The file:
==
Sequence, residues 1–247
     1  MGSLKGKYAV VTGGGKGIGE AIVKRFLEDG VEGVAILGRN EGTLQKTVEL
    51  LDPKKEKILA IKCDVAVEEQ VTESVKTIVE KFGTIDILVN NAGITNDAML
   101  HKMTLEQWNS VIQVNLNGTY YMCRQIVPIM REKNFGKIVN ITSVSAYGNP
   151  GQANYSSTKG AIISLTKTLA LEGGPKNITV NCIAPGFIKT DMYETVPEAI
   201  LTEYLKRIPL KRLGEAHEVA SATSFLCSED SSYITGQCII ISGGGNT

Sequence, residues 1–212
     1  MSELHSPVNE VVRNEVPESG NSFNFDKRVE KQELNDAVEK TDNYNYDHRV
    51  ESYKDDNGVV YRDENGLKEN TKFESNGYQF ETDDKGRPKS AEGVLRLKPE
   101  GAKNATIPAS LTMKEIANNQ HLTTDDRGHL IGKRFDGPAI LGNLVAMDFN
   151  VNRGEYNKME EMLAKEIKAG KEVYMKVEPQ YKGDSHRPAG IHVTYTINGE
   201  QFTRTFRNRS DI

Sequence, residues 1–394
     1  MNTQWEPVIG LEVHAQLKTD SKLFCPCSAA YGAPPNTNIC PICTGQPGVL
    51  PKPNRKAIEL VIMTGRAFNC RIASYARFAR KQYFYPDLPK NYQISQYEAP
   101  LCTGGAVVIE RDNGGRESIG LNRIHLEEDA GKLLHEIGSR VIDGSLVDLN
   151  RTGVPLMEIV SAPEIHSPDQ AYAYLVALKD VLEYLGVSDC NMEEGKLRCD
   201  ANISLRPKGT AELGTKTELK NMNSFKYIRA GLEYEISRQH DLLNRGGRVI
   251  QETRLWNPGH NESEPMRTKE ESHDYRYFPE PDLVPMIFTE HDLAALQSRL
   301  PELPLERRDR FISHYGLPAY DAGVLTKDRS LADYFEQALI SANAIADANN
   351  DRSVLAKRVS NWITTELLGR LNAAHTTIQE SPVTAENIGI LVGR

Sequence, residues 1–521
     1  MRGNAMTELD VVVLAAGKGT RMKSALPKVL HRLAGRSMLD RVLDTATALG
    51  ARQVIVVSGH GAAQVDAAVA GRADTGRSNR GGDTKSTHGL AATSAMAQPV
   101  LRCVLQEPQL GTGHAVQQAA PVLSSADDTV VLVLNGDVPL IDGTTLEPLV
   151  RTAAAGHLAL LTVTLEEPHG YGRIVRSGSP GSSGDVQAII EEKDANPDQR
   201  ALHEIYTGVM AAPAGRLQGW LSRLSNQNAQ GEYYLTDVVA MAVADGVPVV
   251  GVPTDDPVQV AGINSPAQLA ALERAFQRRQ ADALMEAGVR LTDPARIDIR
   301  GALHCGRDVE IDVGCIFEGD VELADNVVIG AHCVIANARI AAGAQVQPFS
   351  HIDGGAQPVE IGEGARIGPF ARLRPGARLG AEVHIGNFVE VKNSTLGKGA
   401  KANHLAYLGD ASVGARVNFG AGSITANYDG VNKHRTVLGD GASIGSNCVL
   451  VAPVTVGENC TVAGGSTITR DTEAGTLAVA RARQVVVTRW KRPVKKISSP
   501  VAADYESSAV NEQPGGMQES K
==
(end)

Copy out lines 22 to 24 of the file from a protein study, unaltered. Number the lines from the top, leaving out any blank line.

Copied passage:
Sequence, residues 1–521
     1  MRGNAMTELD VVVLAAGKGT RMKSALPKVL HRLAGRSMLD RVLDTATALG
    51  ARQVIVVSGH GAAQVDAAVA GRADTGRSNR GGDTKSTHGL AATSAMAQPV